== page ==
their making. In the Sermon on the Mount, Jesus says, “Everyone therefore who

hears these words of mine, and does them, I will liken him to a wise man, who

built his house on a rock. The rain came down, the floods came, and the winds

blew, and beat on that house; and it didn’t fall, for it was founded on the rock”

(7:24-25). Jesus doesn’t promise that we won’t experience the storms of life.  He

does promise that we will come through them whole. In this Gospel lesson of the

disciples on the sea, Jesus came to them in the midst of  the storm saying, “It is I!

Don’t be afraid” (v. 27).  He was telling them to have courage, because “It is I.”

The Greek that is translated “It is I,” is ego eimi.  A literal translation is simply “I

am.”  That phrase, “I am”, has great significance in the Bible.  In Exodus 3, when

Moses encountered God in the burning bush, he asked God’s name.  God said that

his name was “I AM WHO I AM.”  Then God said, “You shall tell the children of

Israel this, ‘I AM has sent me to you” (Exodus 3:14).  So when Jesus says, “I AM,”

he is using God’s name.  He is telling the disciples that he is the presence of God

with them in the midst of their storm.  He has come to be with them––and he has

come to save them.  As he says these words, the storm continues to rage, but, after

awhile, he gets into the boat and the wind quits blowing.

I believe that Matthew’s church would hear that as a promise, that someday, the

storm of persecution would stop raging around them. I believe that we can hear

this as a promise that the storms of our lives will someday stop raging around us.

It’s a promise that Christ will be with us in the storm––and that Christ will redeem

us from the storm. As I reflect upon my life, I’m aware that I have lived through

many storms––many  frightening and uncomfortable times.  I don’t like storms––I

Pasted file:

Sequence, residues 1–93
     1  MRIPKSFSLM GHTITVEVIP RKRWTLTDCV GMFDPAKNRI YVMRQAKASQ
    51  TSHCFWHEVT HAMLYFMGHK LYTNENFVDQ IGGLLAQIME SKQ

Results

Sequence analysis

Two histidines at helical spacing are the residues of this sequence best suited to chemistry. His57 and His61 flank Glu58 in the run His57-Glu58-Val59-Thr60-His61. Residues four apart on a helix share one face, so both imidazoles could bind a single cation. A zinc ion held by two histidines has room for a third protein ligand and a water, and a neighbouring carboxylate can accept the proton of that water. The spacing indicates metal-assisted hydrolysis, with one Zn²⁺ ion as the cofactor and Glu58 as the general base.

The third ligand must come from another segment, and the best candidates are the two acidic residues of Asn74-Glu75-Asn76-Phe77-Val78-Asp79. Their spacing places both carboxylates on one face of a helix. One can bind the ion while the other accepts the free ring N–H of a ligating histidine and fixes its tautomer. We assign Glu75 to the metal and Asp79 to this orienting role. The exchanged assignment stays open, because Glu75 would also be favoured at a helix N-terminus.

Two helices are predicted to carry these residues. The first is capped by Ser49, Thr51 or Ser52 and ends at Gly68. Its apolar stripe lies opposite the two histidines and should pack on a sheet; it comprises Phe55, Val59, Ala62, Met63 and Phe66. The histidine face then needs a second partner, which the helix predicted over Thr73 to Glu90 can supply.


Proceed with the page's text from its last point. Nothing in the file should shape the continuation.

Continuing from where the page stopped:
prefer my weather mild and sunny!  During the times that I found myself caught up

in storms, I didn’t understand why it should be so.  I was trying to serve God––to

be faithful.  I was working hard––trying to do the right thing.  Why wasn’t my life

easier? Now, as I look back on those storms from the larger perspective of a longer

life, I can see that some of those experiences helped to shape my life in ways that

easy times could not have done.  They chipped off some of my sharp edges and re-

sculpted me so that I am closer to being the person that God intends me to be.  That

kind of chipping and sculpting cannot be done with a soft cloth.  It requires a

hammer and chisel.  It involves pain.  I didn’t enjoy the storms, but they showed

that God had not given up on me.  I thank God for not giving up on me.  I am also

aware that I am not yet the person that God wants me to be, so I’m sure that I can

continue to expect storms in my future. Whatever the storm that you might be

experiencing, be aware that Christ comes to you in the midst of that storm.  He

comes to help you––to change you––to redeem  you––to save you.  He says, “Take

heart.  Be of good courage.  It is I, the presence of God in your midst.  Don’t be

afraid.” In the days ahead, you will face many storms.  Some of them will be little

squalls that pass by quickly, but others will be full-blown hurricanes.

Get ready!  Invite Jesus to join you–to come into your heart–to direct your life–to

guide you day-by-day and moment-by-moment.  If  you will do that, when the

storms come, you will be O.K. By the grace of God, you will be O.K. Whether in

life or in death (PAUSE), you will be O.K. Amen!